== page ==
Let’s start with the most relatable, Nintendo. As I mentioned before, I grew up with Nintendo’s products, happily playing away at the Mario and Pokemon games without a care. But as everyone grows up, your values change, and suddenly they don’t really line up with Nintendo’s “family values”. You kind of start wanting to look elsewhere. But what does Nintendo do well? Well, Nintendo does “family values”, right. Almost all of their games focus around being able to play games in a family environment. Mario Kart, Mario Party, Wii Sports, Super Smash Bros., I could go on. The commonality with all these games is that anyone can pick them up and enjoy them. Great for entry-level gamers, like say your parents, grandparents, and younger audiences. In this sense, Nintendo has a pretty good market, because that kind of demographic is bigger than the amount of gamers who want something a little more serious than what Nintendo has to offer.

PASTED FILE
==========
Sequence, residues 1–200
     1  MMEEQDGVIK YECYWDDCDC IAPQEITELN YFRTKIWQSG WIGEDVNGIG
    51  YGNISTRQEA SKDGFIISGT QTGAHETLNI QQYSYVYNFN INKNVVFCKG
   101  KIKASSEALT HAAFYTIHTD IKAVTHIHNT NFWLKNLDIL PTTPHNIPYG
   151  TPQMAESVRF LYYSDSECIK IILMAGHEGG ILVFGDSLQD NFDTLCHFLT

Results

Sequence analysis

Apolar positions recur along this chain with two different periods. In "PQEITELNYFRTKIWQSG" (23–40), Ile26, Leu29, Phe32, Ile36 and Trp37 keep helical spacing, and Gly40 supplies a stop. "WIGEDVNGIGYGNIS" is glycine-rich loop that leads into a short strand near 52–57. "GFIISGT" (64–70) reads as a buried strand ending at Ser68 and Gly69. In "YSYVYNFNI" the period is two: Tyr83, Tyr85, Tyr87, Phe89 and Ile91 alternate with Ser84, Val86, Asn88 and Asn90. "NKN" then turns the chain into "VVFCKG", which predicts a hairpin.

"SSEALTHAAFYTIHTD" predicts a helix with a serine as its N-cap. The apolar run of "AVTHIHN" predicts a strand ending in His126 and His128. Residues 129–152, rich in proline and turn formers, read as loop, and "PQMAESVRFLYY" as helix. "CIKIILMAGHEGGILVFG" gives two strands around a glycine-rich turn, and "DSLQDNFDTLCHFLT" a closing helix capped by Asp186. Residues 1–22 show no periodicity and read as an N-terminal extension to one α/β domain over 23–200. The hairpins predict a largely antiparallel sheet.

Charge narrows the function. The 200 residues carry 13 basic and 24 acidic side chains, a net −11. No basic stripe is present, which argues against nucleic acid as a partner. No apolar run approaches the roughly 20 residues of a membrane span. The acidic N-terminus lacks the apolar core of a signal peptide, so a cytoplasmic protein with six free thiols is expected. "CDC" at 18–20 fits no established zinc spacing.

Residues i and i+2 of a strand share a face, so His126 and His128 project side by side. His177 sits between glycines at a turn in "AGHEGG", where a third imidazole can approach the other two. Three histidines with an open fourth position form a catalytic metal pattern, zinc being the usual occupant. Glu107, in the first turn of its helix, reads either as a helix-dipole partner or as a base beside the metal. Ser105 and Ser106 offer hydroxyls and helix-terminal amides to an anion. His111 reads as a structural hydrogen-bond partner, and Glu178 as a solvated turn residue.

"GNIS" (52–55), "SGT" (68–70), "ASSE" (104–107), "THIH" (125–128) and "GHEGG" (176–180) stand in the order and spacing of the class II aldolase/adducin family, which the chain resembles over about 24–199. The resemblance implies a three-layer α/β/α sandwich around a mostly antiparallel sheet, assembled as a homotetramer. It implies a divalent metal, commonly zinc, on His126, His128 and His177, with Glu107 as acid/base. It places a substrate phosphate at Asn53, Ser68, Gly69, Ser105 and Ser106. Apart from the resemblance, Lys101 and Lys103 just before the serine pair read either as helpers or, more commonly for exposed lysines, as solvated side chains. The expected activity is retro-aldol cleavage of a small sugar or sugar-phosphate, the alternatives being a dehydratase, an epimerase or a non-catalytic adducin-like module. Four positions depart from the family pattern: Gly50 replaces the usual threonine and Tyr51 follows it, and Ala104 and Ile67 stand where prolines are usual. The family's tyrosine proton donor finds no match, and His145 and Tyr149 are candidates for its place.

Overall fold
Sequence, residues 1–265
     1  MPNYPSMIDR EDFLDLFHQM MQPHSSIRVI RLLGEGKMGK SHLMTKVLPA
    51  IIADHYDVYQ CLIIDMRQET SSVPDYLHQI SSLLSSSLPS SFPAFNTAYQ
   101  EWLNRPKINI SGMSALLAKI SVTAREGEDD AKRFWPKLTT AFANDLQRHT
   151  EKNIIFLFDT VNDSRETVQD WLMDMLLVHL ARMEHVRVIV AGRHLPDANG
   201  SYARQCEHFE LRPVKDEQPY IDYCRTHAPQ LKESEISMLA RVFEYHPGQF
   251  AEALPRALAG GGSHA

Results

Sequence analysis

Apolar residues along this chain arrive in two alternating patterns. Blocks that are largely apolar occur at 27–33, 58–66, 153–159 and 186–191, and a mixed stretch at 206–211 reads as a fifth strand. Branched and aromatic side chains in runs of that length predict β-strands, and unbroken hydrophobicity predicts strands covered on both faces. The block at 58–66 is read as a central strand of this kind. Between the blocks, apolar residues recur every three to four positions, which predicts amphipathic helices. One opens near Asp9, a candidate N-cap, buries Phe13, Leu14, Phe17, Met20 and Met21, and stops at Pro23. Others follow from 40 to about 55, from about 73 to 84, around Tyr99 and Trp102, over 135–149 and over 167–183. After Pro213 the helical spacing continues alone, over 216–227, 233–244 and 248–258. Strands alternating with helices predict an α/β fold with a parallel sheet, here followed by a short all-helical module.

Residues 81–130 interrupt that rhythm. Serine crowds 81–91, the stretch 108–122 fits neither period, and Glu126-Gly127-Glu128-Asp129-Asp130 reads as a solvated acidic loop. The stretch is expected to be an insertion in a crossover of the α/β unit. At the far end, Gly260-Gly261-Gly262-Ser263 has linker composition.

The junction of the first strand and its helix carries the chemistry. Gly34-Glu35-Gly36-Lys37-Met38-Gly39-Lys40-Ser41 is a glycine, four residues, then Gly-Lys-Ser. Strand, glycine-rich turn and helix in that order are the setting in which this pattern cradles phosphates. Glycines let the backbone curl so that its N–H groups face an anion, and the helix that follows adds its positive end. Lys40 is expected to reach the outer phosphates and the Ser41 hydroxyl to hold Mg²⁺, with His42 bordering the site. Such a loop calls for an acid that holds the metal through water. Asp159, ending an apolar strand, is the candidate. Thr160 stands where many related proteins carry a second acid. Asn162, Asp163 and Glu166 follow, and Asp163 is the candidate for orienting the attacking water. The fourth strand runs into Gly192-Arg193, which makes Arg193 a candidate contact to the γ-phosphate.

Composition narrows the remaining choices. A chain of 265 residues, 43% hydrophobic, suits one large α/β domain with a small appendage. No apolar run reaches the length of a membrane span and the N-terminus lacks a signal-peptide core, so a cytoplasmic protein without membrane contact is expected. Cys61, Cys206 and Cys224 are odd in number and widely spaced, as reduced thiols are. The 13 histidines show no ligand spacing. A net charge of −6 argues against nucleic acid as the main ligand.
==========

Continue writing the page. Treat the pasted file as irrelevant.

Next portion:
Moving over to Microsoft’s Xbox, this is an area where I’m not exactly fond of. Not entirely because of their reputation (I’m looking at you, EA), but because of the games they have to offer. Xbox is sort of the median between the three companies, where you get a sort of middle ground between gamers a little more serious than Nintendo’s audience, but not quite as much of a time investment as the RPGs that Sony has to offer, but that’s a matter of preference. I’m still familiar with what Xbox has to offer, which seems to fall into two categories: Sports games, and First-Person Shooter games (FPS). Not being a Sports or Shooting game fan, Microsoft immediately falls out of my strike zone, which is why I’m not too fond of them. But the nature of these two genres (games like Madden and Call of Duty) lends themselves to shorter game periods, with each game session/round lasting typically about thirty minutes per match. Makes it really easy to just have something more engaging in short bursts, which would appeal to people who don’t have a lot of time, but can still play without the investment of time. Microsoft also has one of the best multiplayer engagements, with their games often being the best at finding people around the world and matching you into a game. They also support voice chat, which lends itself to more toxic interactions. Something I’ll get into at a later date. My major gripe with Microsoft is that their games don’t have substantial enough depth to them to engage many demographics. Halo and Call of Duty never really spoke to me in the way that Shin Megami Tensei, The Witcher, or Nier games have.